Editorial Note: Because oysters from the beds implicated in this outbreak were shipped to at least 14 states, ** public health officials, health-care providers, and the public should be informed of the possibility that consumption of oysters from these beds may be associated with clusters and isolated cases of acute gastroenteritis in their states. The cases of gastrointestinal illnesses identified by this investigation were recognized because they occurred as part of discrete clusters; however, it is likely that many isolated cases occurred but were not recognized or reported. For example, a previous study of persons who attended a national convention in Louisiana determined that the risk for acute gastroenteritis was higher among persons who consumed raw shellfish than among those who did not, even though no "outbreaks" were identified (2).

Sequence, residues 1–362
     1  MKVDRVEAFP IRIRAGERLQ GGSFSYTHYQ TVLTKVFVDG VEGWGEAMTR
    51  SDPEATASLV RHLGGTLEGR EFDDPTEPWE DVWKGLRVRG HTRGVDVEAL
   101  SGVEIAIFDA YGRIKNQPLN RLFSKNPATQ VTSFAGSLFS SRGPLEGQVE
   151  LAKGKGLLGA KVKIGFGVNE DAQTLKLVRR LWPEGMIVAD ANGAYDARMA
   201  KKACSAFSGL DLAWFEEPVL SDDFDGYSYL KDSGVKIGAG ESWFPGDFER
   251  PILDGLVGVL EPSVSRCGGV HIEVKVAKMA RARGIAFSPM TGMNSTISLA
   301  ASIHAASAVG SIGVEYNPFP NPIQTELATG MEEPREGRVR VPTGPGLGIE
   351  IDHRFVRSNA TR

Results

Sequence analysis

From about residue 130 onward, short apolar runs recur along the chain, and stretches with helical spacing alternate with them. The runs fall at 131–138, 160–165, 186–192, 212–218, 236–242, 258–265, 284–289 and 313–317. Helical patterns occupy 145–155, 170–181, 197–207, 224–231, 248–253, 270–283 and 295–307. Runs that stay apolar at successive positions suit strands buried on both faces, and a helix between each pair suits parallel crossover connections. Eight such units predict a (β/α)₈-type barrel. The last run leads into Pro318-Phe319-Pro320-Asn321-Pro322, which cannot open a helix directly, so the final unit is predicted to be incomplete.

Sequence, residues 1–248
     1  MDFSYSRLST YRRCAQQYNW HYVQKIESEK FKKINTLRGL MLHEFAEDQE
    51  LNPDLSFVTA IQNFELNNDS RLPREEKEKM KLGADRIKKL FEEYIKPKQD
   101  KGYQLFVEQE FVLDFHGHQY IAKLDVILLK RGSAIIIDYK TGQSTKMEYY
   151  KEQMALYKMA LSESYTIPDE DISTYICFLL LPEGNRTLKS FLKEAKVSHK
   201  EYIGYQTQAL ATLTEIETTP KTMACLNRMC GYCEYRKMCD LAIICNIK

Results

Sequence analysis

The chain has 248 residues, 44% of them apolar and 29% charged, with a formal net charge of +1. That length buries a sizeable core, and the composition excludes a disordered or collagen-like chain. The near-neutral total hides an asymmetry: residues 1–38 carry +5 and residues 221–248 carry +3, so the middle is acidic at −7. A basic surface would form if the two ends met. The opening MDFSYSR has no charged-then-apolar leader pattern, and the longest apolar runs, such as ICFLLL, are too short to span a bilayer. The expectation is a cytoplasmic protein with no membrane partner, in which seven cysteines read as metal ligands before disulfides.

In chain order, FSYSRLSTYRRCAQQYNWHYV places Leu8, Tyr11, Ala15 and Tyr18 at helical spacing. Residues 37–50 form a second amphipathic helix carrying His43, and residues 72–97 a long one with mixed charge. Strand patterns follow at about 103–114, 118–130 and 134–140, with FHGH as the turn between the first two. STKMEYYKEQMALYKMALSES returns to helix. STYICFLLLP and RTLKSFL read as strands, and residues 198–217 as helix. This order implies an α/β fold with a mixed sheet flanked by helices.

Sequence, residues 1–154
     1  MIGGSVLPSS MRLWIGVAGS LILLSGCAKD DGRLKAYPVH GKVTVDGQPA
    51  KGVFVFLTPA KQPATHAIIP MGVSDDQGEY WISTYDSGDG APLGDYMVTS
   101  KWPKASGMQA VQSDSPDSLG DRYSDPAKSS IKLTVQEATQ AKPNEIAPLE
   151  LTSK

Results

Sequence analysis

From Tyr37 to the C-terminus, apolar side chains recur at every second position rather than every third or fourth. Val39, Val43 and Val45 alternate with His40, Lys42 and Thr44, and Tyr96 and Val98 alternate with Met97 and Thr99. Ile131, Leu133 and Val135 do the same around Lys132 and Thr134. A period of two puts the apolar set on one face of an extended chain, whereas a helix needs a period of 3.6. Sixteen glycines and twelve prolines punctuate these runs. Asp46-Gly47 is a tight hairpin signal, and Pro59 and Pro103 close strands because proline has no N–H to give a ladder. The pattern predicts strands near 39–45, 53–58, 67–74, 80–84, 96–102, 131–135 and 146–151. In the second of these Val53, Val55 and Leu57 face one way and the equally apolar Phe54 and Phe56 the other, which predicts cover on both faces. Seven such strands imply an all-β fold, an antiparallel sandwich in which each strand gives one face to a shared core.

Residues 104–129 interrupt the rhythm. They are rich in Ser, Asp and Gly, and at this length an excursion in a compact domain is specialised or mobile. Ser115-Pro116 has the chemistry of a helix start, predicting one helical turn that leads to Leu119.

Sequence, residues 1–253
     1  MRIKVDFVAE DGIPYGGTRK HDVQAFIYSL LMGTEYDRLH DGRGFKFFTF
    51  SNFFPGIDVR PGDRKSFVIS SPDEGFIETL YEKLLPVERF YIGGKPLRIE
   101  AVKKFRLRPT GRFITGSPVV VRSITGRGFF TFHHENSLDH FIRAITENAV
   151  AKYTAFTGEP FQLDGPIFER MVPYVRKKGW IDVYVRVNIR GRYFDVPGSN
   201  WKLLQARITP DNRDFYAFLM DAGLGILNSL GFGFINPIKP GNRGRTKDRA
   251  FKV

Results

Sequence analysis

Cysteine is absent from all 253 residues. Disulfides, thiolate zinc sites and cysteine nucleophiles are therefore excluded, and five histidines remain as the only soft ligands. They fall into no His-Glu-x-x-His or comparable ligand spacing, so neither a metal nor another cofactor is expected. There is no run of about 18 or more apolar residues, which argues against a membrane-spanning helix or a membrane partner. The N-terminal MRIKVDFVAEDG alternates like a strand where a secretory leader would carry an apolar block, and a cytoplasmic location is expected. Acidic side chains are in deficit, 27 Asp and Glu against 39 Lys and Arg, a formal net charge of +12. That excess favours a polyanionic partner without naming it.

Oysters can be traced to their harvest beds because of the regulation requiring sacks of oysters to carry a tag identifying their harvest date and the bed from which they were harvested (1). In this multistate outbreak, these tags facilitated the rapid identification and closing of contaminated beds, provided the link for illness occurring simultaneously in several states, and enabled a product recall.